Johne's disease (JD) is a chronic, infectious disease in cattle. Between 2010 and 2013, a voluntary JD control program was successfully launched in Ontario, Canada, including a Risk Assessment and Management Plan (RAMP) and JD ELISA testing of the entire milking herd. Over the last decade, the organic dairy sector has been growing. However, organic farming regulations and philosophies may influence the risk for JD transmission on Ontario organic dairy farms. The aim of this cross-sectional study was to investigate differences in JD ELISA test positive prevalence, risk factors for JD and recommendations for JD prevention between organic and conventional dairy herds in Ontario. RAMP results (i.e. RAMP scores and recommendations) and ELISA results were available for 2103 dairy herds, including 42 organic herds. If available, additional data on milk production, milk quality, and herd characteristics were gathered. Organic and conventional herds had a similar herd-level JD ELISA test-positive prevalence (26.2% and 27.2%, respectively). Organic herds (4.2%) had a higher within-herd JD ELISA test-positive prevalence compared to conventional herds (2.3%) if they had at least one JD test-positive animal on the farm. Organic farms had lower risk scores for biosecurity (9 points lower), and higher scores in the calving (7 points higher) and the calf-rearing management areas (4 points higher). After accounting for RAMP score, organic farms received fewer recommendations for the calving management area (Odds Ratio=0.41) and more recommendations in the adult cow management area (Odds Ratio=2.70). A zero-inflated negative binomial model was built with purchase of animals and the herd size included in the logistic portion of the model. Herd type (organic or conventional), colostrum and milk feeding practices, average bulk tank somatic cell count, and presence of non-Holstein breeds were included in the negative binomial portion of the model. Organic farms had a higher number of

  11. About Alzheimer's Disease: Risk Factors and Prevention

    MedlinePlus

    ... About ADEAR About Alzheimer's Disease: Risk Factors and Prevention We can’t control some risk factors for ... as well. NIA Information on Risk Factors and Prevention 2014-2015 Alzheimer's Disease Progress Report: Advancing Research ...

  12. Risk factors and management of severe life-threatening anaphylaxis in patients with clonal mast cell disorders.

    PubMed

    Valent, P

    2014-07-01

    Several different risk factors and conditions may predispose to severe life-threatening anaphylaxis. Systemic mastocytosis (SM) is one such condition. Although many SM patients are suffering from mild or even no mediator-related symptoms, others have recurrent episodes of severe anaphylaxis, with clear signs of a mast cell activation syndrome (MCAS) despite prophylactic therapy with anti-mediator-type drugs. In several of these patients, an IgE-dependent allergy is diagnosed. The severity and frequency of MCAS reactions neither correlate with the burden of neoplastic mast cells nor with the levels of specific IgE or the basal tryptase level. However, there is a relationship between severe anaphylaxis in SM and the type of allergen. Notably, many of these patients suffer from hymenoptera venom allergy. Currently recommended therapies include the prophylactic use of anti-mediator-type drugs, long-term immunotherapy for hymenoptera venom allergic patients, and epinephrine-self-injector treatment for emergency situations. In patients who present with an excess burden of mast cells, such as smouldering SM, cytoreductive therapy with cladribine (2CdA) may reduce the frequency of severe events. For the future, additional treatment options, such as IgE-depletion or the use of tyrosine kinase inhibitors blocking IgE-dependent mediator secretion as well as KIT activation, may be useful alternatives. PMID:24702655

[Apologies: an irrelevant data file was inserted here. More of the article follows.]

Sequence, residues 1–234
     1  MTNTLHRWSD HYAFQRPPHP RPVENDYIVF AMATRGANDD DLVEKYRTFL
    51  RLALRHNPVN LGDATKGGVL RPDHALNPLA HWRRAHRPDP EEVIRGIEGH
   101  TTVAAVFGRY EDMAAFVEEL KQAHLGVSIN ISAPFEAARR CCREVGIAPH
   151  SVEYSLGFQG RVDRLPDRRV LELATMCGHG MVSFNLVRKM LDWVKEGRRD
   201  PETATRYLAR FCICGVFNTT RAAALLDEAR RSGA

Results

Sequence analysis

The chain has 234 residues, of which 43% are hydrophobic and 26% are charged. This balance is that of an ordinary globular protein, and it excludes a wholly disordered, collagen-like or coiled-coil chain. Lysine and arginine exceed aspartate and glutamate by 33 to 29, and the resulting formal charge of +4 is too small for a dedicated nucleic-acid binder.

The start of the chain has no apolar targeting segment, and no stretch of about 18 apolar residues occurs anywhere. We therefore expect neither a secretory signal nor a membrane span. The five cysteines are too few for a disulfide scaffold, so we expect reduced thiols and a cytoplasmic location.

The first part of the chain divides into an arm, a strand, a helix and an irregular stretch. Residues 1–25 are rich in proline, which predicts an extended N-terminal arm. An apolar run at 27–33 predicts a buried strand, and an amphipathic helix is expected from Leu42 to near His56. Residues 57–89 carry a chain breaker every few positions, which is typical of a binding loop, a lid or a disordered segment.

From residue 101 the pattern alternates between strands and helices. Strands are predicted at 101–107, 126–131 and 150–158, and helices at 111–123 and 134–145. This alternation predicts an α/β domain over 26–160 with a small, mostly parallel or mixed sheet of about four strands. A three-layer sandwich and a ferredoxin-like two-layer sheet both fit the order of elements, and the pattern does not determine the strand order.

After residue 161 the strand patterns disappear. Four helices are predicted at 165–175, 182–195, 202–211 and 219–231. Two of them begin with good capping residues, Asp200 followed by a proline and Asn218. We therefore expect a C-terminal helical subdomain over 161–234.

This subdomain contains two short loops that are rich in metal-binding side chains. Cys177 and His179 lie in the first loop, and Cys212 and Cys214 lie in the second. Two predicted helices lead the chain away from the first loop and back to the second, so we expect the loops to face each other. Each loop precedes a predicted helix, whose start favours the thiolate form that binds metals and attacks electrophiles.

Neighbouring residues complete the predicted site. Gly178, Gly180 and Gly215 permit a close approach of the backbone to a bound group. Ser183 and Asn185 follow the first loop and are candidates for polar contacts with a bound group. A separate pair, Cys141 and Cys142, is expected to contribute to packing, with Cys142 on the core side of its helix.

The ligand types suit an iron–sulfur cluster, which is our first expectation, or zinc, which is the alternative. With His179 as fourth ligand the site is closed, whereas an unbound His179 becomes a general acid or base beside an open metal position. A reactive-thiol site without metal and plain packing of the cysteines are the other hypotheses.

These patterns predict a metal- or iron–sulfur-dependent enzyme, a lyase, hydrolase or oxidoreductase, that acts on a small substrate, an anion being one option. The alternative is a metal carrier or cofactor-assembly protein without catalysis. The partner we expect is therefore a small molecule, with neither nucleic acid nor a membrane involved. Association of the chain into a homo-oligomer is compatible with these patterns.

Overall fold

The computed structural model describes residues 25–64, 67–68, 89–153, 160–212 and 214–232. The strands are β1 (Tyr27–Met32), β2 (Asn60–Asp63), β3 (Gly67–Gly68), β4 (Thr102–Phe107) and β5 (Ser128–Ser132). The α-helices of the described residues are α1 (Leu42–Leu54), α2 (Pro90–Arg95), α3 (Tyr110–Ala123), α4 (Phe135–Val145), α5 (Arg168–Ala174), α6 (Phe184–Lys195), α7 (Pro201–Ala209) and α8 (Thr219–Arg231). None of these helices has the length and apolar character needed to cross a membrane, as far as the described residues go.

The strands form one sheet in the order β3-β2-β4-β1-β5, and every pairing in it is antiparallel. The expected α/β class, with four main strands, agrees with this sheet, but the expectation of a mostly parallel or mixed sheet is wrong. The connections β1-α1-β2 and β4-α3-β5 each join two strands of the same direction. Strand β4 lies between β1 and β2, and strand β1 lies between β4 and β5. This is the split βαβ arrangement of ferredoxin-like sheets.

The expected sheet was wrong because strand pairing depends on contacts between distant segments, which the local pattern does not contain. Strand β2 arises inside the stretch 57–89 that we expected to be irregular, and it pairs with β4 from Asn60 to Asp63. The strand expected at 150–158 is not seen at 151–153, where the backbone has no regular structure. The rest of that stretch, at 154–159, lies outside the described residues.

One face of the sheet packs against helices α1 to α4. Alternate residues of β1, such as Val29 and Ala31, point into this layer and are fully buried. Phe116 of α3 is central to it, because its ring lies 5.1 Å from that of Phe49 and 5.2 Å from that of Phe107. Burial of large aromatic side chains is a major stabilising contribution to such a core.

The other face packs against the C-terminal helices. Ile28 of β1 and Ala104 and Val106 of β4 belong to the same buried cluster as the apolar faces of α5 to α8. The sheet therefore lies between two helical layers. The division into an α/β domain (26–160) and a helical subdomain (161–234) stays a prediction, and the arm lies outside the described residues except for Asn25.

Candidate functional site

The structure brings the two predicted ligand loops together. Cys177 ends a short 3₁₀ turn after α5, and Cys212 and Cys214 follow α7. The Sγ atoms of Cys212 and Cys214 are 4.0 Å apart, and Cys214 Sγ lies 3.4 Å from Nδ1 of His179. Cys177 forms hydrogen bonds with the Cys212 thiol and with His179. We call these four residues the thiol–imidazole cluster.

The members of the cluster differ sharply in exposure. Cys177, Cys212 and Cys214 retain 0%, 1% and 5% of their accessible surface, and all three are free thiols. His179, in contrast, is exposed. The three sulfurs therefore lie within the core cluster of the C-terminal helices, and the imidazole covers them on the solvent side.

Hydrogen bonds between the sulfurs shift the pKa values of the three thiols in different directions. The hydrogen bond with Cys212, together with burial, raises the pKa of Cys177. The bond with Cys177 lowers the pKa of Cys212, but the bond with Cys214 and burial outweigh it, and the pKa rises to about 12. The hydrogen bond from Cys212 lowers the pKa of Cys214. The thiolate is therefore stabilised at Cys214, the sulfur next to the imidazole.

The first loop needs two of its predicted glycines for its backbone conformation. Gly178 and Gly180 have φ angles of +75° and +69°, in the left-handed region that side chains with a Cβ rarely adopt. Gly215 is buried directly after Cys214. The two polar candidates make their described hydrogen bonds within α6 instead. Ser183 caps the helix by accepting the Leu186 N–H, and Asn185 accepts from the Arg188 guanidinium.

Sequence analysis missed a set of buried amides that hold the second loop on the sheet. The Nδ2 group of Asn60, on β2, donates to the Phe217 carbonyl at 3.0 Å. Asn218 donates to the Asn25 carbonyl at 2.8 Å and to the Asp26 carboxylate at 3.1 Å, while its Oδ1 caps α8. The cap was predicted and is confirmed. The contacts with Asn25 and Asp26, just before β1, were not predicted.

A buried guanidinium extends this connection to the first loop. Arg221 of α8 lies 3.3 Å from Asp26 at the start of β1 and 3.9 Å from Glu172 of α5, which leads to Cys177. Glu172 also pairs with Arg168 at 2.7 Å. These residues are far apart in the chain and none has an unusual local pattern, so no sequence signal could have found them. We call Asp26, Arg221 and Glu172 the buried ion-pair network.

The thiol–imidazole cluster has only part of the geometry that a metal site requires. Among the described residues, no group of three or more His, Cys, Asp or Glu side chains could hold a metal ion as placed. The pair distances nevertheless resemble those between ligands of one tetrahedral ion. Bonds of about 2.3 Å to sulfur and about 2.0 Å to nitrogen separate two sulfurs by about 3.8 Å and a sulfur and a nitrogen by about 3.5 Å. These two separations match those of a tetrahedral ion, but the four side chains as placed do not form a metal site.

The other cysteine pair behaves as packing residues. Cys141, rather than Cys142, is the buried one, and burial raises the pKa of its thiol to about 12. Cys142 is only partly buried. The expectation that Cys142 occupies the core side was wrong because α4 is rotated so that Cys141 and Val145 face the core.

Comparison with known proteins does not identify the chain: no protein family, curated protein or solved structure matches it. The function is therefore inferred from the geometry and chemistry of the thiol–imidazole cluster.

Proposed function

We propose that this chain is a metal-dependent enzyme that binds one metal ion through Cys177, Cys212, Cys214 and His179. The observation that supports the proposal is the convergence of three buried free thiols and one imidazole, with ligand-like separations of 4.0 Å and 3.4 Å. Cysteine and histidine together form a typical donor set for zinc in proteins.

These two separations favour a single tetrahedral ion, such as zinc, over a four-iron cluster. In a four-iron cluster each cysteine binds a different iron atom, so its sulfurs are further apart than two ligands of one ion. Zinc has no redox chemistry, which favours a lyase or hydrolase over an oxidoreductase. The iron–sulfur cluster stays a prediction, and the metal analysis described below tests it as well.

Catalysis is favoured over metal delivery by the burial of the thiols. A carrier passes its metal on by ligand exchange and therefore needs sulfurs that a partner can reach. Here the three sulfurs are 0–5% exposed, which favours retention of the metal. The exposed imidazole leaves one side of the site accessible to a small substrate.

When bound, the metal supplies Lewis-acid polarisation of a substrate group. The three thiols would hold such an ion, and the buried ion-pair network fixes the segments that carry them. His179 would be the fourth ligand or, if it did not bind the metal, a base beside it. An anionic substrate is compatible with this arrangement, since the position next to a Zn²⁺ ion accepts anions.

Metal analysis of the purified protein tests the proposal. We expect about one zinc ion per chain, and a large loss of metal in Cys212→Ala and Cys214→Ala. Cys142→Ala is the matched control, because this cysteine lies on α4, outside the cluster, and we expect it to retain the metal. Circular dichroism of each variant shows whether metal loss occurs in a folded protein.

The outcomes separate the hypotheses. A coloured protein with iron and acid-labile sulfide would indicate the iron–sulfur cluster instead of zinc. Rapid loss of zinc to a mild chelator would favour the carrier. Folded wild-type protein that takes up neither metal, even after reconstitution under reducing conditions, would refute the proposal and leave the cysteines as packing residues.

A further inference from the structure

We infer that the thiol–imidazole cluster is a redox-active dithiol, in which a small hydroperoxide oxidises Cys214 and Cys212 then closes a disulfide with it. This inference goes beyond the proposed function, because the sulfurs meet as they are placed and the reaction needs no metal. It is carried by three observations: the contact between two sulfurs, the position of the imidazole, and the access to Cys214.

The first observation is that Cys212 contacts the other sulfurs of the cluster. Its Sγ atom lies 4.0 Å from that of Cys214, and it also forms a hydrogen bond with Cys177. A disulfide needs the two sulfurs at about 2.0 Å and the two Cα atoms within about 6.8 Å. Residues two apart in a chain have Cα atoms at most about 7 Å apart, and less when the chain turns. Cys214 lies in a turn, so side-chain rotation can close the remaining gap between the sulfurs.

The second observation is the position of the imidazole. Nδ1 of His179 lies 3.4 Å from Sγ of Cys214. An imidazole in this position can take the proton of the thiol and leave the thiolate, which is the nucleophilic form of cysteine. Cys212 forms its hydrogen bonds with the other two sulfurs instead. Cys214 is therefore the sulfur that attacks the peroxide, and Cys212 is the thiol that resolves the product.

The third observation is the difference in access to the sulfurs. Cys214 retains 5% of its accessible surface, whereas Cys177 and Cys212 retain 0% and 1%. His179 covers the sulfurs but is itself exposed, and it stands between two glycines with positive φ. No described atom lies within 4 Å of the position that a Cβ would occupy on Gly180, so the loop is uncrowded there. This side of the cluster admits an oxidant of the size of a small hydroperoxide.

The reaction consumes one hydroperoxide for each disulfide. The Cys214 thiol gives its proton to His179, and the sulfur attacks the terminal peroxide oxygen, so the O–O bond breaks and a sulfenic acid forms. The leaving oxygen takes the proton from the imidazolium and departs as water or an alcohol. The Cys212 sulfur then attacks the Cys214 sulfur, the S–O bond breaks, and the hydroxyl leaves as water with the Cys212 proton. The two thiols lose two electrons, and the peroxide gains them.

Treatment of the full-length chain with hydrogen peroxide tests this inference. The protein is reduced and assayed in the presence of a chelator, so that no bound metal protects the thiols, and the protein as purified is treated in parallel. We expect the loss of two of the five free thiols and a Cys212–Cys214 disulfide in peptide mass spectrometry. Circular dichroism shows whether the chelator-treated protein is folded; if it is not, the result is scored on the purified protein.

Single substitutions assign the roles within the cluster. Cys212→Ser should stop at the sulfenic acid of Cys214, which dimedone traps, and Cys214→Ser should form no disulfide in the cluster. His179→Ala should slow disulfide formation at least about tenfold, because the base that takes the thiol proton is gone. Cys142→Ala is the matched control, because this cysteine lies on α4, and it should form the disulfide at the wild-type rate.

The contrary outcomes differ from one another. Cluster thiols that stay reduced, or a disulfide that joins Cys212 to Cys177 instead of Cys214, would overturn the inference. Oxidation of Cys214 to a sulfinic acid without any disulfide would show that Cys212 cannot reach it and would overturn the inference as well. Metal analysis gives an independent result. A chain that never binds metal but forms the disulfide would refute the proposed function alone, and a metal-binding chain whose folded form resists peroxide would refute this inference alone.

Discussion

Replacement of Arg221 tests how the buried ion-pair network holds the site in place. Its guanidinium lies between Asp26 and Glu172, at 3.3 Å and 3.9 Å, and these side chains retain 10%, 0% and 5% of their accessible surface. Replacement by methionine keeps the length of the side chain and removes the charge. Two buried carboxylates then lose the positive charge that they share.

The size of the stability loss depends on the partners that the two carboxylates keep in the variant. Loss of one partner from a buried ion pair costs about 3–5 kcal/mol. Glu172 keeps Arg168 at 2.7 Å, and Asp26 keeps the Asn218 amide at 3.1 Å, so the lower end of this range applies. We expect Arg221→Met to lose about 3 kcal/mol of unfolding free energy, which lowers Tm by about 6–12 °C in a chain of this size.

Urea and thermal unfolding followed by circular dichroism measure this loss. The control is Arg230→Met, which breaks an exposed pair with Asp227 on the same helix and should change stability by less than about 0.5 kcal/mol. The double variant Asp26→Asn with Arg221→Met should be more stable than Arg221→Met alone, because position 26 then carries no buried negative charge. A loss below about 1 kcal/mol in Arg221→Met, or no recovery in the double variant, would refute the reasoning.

13. Engaging Physicians in Risk Factor Reduction

    PubMed Central

    Friedman, Felix; Gumnit, Stephen A.; Schmidt, Eric J.

    2010-01-01

    Abstract OptumHealth tested the feasibility of physician-directed population management in 3 primary care practices and with 546 continuously insured patients who exhibited claims markers for coronary artery disease, diabetes, and/or hypertension. During the intervention portion of the study, we asked physicians to improve the following health measurements: blood pressure, body mass index, cholesterol, hemoglobin A1c, and smoking status. We offered a modest pay-for-outcomes incentive for each risk factor improvement achieved. Additionally, on an eligible subset of these patients, we asked physicians to actively refer to population management programs those patients they determined could benefit from nurse or health coach interventions, advising us as to which components of their treatment plan they wished us to address. The 6-month intervention period exhibited a 10-fold improvement in the trend rate of risk factor management success when compared to the prior 6-month period for the same patients. A net of 96 distinct risk factor improvements were achieved by the 546 patients during the intervention period, whereas 9 net risk factor improvements occurred in the comparison period. This difference in improvement trends was statistically significant at P < 0.01. Of the 546 study participants, a subset of 187 members was eligible for participation in OptumHealth care management programs. Physicians identified 80 of these 187 eligible members as appropriate targets for program intervention. Representing ourselves as “calling on behalf” of the physician practices, we established contact with 50 referred members; 43 members (86%) actively enrolled in our programs. This enrollment rate is 2 to 3 times the rate of enrollment through our standard program outreach methods. We conclude that physician-directed population management with aligned incentives offers promise as a method of achieving important health and wellness goals. (Population Health Management 2010